MESOS: considerations in designing a mechanistic study for a biologic used to treat asthma

Author(s): Christopher Brightling, Millie Wang, Martin Braddock, Lars Nordenmark, Mattis Gottlow & Gene Colice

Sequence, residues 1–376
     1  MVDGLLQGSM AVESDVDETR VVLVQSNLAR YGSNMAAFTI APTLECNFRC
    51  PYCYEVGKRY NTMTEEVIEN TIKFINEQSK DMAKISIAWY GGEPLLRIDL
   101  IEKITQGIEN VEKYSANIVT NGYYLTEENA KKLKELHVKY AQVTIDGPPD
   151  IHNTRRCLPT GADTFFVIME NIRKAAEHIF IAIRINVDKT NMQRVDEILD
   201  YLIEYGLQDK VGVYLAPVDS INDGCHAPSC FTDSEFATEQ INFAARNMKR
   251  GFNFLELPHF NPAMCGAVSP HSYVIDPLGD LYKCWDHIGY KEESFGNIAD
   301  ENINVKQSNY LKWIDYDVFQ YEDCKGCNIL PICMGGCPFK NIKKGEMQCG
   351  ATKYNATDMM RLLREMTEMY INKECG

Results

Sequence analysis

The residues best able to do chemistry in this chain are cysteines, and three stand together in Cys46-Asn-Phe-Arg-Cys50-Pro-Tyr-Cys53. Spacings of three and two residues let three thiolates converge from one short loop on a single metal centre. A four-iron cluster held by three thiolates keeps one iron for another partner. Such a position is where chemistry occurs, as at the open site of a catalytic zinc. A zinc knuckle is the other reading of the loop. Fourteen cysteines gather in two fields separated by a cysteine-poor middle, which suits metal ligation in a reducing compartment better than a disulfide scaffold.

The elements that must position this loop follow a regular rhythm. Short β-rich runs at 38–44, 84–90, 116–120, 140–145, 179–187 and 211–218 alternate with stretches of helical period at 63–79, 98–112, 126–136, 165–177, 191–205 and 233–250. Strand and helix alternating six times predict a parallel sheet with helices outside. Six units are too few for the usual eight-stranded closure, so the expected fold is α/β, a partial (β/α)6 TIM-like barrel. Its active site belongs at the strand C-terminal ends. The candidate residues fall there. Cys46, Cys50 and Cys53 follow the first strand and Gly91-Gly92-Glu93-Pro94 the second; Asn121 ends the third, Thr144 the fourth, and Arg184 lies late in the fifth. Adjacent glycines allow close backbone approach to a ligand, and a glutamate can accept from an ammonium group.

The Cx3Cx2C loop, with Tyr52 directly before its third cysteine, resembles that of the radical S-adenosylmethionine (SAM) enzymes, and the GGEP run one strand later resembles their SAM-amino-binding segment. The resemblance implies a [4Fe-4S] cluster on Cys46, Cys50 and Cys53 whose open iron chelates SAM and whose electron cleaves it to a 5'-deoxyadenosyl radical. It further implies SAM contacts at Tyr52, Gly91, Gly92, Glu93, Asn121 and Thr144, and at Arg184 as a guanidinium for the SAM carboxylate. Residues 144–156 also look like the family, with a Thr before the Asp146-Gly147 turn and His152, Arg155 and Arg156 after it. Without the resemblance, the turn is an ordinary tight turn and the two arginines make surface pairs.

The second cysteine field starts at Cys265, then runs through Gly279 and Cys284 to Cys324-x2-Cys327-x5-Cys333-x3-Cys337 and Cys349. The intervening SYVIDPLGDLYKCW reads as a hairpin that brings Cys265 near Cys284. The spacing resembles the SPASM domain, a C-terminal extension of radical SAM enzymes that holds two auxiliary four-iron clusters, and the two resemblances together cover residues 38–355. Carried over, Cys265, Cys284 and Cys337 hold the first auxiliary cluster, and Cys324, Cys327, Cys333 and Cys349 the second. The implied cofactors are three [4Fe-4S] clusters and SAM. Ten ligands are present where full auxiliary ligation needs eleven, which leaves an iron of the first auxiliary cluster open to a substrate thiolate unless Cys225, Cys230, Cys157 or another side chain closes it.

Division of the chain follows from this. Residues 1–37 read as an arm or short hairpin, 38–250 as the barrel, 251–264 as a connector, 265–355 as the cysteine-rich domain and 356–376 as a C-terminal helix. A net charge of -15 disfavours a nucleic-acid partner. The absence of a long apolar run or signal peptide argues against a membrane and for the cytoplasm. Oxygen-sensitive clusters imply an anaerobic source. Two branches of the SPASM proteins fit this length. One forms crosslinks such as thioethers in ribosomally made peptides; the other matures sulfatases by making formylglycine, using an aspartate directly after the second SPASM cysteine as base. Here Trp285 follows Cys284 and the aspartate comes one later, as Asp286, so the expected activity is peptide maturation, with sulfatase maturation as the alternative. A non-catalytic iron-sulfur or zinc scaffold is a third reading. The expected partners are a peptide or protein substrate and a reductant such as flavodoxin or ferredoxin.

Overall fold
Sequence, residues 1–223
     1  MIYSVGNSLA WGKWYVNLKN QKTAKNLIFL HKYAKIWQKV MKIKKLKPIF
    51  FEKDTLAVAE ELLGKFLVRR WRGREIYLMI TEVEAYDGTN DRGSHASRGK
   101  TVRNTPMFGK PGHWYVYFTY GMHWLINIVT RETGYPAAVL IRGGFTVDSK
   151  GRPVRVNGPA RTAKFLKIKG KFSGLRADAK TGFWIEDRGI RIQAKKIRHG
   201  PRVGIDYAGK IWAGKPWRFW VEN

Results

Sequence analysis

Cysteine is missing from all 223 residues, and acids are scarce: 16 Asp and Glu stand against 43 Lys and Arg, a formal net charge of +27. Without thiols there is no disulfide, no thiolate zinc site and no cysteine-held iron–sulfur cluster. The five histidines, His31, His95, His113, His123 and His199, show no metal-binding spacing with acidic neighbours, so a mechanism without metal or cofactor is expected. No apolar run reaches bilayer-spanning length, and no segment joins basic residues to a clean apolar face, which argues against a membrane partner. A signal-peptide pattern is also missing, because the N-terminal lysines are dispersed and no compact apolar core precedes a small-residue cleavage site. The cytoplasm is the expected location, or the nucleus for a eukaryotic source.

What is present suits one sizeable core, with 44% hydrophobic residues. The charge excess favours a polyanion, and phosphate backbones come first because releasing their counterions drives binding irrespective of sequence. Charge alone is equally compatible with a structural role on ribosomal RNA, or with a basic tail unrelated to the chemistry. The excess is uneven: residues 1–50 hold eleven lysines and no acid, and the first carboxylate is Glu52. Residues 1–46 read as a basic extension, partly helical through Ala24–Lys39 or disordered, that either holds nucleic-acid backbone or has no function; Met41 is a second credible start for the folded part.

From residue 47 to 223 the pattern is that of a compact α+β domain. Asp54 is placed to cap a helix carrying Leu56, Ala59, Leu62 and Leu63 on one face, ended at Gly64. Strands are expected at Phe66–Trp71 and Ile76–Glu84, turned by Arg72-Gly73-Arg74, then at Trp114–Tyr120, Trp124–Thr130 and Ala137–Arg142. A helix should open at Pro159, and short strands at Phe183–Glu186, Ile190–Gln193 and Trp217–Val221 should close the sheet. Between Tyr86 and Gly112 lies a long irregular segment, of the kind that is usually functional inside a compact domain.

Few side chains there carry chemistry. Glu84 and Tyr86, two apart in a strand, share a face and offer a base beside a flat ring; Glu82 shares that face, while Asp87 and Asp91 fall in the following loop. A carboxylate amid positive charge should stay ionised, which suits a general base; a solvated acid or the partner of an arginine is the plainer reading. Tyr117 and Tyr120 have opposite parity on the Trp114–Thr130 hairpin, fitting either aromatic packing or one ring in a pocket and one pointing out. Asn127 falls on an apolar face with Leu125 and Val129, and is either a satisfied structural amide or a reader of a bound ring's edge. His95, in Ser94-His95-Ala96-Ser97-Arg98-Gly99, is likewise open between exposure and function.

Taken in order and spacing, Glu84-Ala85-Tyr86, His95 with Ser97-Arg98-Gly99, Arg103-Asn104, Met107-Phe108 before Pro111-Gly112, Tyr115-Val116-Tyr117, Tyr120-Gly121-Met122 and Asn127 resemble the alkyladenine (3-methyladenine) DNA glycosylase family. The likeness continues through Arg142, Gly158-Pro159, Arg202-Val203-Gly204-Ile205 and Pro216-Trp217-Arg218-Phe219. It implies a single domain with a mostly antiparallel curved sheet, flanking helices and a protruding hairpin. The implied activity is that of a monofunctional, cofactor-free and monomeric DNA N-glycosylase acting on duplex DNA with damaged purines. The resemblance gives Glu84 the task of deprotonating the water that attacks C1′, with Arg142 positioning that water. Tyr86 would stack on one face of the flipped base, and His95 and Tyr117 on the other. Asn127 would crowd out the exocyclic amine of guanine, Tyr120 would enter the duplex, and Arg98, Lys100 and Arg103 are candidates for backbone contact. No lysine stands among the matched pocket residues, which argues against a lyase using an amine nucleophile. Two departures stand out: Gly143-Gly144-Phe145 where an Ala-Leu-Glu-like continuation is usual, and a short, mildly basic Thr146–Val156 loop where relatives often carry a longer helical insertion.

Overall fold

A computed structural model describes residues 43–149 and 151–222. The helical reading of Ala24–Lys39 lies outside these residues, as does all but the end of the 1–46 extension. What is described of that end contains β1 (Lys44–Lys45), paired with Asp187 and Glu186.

Eosinophils are key effector cells in asthma-associated airway inflammation and remodeling; IL-13 is involved in regulating eosinophil activity. Tralokinumab, currently in Phase III clinical development for patients with severe uncontrolled asthma, is an investigational fully human monoclonal antibody designed to inhibit IL-13. In Phase II studies, tralokinumab improved lung function and had other clinical benefits in those patients with asthma who had an upregulated IL-13 axis. In a subgroup of patients that underwent quantitative computed tomography, there were improvements in airway morphometry, suggestive of a possible effect upon remodeling. The Phase II MESOS study (NCT02449473) aims to better understand the mechanism of action of tralokinumab in improving asthma control, by investigating tralokinumab effects on eosinophil-driven inflammation and airway remodeling.